Section 501(c)(6) of the Internal Revenue Code provides for the exemption of business leagues, chambers of commerce, real estate boards, boards of trade and professional football leagues, which are not organized for profit and no part of the net earnings of which inures to the benefit of any private shareholder or individual. An organization that otherwise qualifies for exemption under Internal Revenue Code section 501(c)(6) will not be disqualified merely because it engages in some political activity. In addition, the organization may engage in lobbying that is germane to accomplishing its exempt purpose without jeopardizing its exemption. However, if the organization engages in political and/or lobbying activities, it may need to give members notice of dues used for such activities, or be subject to a proxy tax on the amount of the expenditures.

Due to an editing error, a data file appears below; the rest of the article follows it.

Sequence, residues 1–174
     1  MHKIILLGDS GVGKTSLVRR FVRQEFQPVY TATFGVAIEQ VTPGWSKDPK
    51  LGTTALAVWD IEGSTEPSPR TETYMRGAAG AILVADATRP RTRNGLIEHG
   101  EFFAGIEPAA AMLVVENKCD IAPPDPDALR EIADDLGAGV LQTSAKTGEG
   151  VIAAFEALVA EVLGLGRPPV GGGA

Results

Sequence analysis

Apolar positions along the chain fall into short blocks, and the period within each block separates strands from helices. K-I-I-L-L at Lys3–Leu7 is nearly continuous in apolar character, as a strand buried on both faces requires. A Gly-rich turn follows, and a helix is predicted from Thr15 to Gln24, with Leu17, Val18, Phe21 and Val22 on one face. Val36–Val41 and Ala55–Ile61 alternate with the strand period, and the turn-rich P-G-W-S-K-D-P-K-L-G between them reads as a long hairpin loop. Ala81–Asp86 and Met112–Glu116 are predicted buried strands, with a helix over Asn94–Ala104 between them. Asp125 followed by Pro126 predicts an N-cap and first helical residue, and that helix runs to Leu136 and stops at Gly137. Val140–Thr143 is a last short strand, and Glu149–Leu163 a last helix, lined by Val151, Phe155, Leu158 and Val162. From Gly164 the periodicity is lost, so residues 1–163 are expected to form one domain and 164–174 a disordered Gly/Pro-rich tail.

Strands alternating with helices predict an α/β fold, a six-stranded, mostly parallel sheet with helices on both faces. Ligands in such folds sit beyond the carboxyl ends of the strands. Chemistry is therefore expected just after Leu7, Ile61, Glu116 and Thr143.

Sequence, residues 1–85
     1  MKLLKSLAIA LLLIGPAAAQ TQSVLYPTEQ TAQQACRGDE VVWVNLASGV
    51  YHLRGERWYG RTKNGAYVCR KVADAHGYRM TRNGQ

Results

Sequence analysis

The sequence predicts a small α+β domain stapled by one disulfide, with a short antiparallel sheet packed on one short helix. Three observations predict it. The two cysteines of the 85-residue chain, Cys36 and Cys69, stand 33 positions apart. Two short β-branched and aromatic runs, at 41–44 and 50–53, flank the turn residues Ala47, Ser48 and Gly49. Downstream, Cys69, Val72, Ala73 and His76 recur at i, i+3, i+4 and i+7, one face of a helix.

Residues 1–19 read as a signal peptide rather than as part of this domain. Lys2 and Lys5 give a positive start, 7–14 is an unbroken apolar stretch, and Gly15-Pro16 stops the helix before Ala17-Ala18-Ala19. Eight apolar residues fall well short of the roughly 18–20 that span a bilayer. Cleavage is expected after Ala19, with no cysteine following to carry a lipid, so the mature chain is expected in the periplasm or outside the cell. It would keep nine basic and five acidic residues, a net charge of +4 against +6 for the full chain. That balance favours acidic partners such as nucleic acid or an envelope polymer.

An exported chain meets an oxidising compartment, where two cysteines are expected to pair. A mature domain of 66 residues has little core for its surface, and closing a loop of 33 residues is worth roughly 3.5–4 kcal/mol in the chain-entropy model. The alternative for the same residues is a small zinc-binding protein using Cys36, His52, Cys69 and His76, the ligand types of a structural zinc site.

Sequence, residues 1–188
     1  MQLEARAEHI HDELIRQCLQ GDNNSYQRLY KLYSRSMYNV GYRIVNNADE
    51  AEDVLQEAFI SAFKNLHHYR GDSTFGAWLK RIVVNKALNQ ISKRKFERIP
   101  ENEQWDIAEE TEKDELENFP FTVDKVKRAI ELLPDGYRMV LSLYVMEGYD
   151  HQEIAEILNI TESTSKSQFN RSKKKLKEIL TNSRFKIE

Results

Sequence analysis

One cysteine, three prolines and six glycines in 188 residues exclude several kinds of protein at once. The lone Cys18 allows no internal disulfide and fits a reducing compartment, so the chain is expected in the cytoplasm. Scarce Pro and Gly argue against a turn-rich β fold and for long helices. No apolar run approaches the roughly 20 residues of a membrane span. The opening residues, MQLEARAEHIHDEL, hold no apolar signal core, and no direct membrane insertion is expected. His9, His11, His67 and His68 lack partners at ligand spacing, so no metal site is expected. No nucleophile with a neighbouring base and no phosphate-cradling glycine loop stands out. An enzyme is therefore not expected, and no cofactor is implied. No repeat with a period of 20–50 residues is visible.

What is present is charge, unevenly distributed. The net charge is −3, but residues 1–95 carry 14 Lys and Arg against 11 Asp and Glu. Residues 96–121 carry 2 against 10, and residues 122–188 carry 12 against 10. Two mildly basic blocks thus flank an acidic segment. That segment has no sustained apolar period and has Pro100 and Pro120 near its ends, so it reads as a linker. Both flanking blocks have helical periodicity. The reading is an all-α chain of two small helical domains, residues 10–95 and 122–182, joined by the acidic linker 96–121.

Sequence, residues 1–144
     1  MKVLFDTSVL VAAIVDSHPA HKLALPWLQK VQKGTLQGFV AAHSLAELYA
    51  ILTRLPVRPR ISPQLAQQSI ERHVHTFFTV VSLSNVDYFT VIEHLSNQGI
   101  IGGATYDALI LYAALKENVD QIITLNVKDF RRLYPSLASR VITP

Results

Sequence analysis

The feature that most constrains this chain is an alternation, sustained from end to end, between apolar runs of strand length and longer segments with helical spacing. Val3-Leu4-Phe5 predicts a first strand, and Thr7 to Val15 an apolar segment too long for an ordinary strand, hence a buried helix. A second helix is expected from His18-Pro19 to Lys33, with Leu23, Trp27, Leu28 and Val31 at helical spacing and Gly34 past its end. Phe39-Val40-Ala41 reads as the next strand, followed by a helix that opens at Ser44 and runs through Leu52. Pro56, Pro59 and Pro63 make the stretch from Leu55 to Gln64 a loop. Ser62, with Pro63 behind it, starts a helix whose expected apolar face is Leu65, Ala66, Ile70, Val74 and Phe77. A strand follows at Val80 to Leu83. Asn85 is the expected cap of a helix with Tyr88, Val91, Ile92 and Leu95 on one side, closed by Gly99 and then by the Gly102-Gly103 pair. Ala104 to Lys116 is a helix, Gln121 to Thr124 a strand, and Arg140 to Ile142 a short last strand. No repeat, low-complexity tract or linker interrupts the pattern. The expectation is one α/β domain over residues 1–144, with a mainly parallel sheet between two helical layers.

A business league is an association of persons having some common business interest, the purpose of which is to promote such common interest and not to engage in a regular business of a kind ordinarily carried on for profit. Trade associations and professional associations are business leagues. To be exempt, a business league’s activities must be devoted to improving business conditions of one or more lines of business as distinguished from performing particular services for individual persons. No part of a business league’s net earnings may inure to the benefit of any private shareholder or individual and it may not be organized for profit to engage in an activity ordinarily carried on for profit (even if the business is operated on a cooperative basis or produces only enough income to be self-sustaining). The term line of business generally refers either to an entire industry or to all components of an industry within a geographic area. It does not include a group composed of businesses that market a particular brand within an industry.